A major loss has been in the field of information science and technology as Monday's 74-year-old computer scientist Larry Tesler died, whose contribution to the ease of use of computers and laptops was the culmination of a long career that even affects modern information technology. . Born in New York in 1945, Tesler studied computer science at Stanford University and after completing his degree, he participated in Artificial Intelligence research (long before it was disseminated) while also involved in anti-war and anti-corporate monopoly companies such as IB. . In 1973 Tesler began working at the Research Center Xerox Palo Alto (PARC), where it remained until 1980. Xerox PARC is known for developing the graphical mouse-based user interface, now considered a given thing. Tesler also worked with Tim Mott to create a word processor called Gypsy, which is well known for developing the terms "cut", "copy" and "paste" when it comes to cut commands. ), copy and paste texts.
Xerox PARC is also known for not capitalizing on its pioneering PC research, so Tesler moved to Apple Computer in 1980 where he worked until 1997. Over time, he held countless positions in the company, including Vice President of AppleNet and was even its lead scientist Apple, a position once held by Steve Wozniak, before he finally left the company. In addition to his contributions to some of Apple's most famous products, Tesler was also known for his efforts to make software and user interfaces more accessible. In addition to the popular "cut", "copy" and "paste" functions, Tesler also supported the UI design approach, known as non-computer modeling, which is reflected in his personal website. In essence, it ensures that users' actions remain consistent across the various functions and applications of the operating system. When they open a word processor, for example, users now automatically assume that pressing any of the alphanumeric keys on their keyboard will result in this character appearing on the screen at the cursor input point.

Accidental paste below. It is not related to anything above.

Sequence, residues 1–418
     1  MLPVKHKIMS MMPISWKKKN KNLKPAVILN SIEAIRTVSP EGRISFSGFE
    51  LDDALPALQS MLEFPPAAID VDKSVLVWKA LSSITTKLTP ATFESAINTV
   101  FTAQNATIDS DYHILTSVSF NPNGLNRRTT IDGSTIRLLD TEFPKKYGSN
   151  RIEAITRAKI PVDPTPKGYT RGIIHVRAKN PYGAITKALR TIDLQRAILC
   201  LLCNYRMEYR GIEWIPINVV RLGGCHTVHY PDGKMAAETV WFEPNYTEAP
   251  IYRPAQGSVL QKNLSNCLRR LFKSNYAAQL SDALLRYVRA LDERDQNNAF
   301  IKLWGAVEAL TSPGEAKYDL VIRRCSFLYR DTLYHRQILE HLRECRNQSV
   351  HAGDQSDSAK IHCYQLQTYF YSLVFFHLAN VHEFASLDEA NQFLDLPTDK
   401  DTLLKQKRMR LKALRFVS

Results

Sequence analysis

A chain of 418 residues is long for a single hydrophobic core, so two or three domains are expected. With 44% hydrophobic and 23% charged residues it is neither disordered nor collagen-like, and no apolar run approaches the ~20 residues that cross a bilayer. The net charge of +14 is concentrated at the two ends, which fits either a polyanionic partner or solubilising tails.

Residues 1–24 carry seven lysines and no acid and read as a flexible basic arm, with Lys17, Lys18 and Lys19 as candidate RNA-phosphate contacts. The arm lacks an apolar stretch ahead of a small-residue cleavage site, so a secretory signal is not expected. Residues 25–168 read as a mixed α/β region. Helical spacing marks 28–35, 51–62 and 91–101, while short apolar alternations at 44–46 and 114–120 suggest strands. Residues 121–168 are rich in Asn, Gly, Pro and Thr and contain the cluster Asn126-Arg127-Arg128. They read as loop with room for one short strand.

However, there was a time when word processors could be converted to multiple functions, where typing on the keyboard would either add characters to a document or allow functional commands to be entered. There are still many software applications where tools and functionality change depending on how they work. That is, there are complex applications such as Photoshop, where many tools behave differently and perform different functions, but mostly modern operating systems such as Apple, MacOS and Windows of Microsoft they are very accessible and easy to use, so users have no problem handling and implementing them.
After leaving Apple in 1997, Tesler founded a company called Stagecast Software, which developed applications that made it easier for children to learn programming concepts. In 2001 he joined Amazon and eventually became Vice President of Shopping Experience there, in 2005 he moved to Yahoo, where he dealt with the user experience and design team of the company, and then in 2008 he became involved with products at 23andMe. Tesler quit 23andMe in 2009 and has since focused on consulting.
Finally, Tesler is one of the main reasons why computers are now available not only in research centers but also in homes. The creation and development of the personal computer was intended on the one hand for people to acquire powerful technological machines that would facilitate their day-to-day lives in a variety of ways but at the same time be accessible and easy to use, so that no specialized knowledge was needed and know-how in the IT field to exploit them.